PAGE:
Capitalism and competition are one thing. Government policies and actions are quite another. You already know this.
Sometimes, however, these two seemingly-opposite concepts aren’t so different. What does this have to do with Light-Sport Aircraft?
American pilots, like aviators in other countries, must obey regulations in the nation where they operate their airplanes. Yet the same requirement is not necessarily true for those who produce the airplanes we enjoy. Producers, it turns out, have choices.
Under an arrangement called reciprocity, manufacturers in certain nations (Note 1; see at bottom) can meet their local regulations and FAA will then accept such aircraft without them going through the American certification system. What results is a form of competition between government regulatory agencies.
European builders may be early users and beneficiaries but American companies could use reciprocity as well.
Readers may remember that when Cessna was still promoting their ill-fated Skycatcher SLSA, they considered pursuing 1990’s-era Primary Category. It is significantly more costly than meeting ASTM standards, but allowed higher weights. Some in the company felt that achieving the more conventional certification might facilitate sales in Europe (Note 2).
If you are thinking that all this makes no difference to you, I get it. Government regulations make for some of the dullest reading imaginable. Yet in today’s thoroughly-regulated environment, a new aircraft cannot fly without the approval of some aviation agency… with one exception: Part 103 or other national equivalents. So, companies learn to comply with government regulatory systems as best they can. If it is easier to gain approval in one country and use that system to make sales in another country, most decision makers will follow the path of least resistance.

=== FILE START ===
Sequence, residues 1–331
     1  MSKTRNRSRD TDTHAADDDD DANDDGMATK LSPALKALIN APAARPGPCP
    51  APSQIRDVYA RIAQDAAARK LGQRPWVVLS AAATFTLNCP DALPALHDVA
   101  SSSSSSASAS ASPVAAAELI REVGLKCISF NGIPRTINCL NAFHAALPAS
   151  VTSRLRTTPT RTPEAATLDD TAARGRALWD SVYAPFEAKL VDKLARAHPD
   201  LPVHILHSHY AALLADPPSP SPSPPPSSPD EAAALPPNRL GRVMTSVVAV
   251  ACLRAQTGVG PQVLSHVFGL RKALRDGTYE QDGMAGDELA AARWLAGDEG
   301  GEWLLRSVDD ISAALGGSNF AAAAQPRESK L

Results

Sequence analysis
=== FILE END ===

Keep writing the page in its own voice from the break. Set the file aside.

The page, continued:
Most pilots know Brazil is an active aviation state. The South American nation has famous producers like jet-maker Embraer plus numerous LSA producers (Seamax Aircraft, Scoda and their Super Petrel, Montaer).
Many readers may recall that Brazil has embraced Light-Sport Aircraft as a category and accepted ASTM standards in lieu of their own aircraft certification program. Brazil has enjoyed LSA almost as long as America.
As do many countries, Brazil closely observes what FAA does. Yet their regulators can run ahead of FAA when they see a path forward.
In July this year, Brazilian regulatory changes were approved for the expansion of Light-Sport Aircraft in Brazil. “The goal is to allow larger aircraft with other technical characteristics to also enjoy the advantages of this model,” noted Kleber Jesuino, a coordinator for the ANAC’s Department of Airworthiness, in a report to the ASTM F37 committee revising standards for Mosaic. ANAC is the Brazilian counterpart to FAA.
“The new regulation, besides bringing Brazil closer to international standards,” said Kleber, “reduces regulatory complexity by allowing airplane with up to four seats and maximum take-off weight of up to 1,361 kilograms (3,000 pounds) to use LSA category consensus standards developed by ASTM International.”
He added that the new rules will reduce costs to get approval for new aircrat designs compared to Part 23-style type certification yet maintain an acceptable level of safety.
“In Brazil, the creation of the LSA category took place in 2010 with the publication of rules for design and manufacture, and the implementation of the rules for operation, maintenance, and instruction occurred in a staggered manner,” clarified Kleber.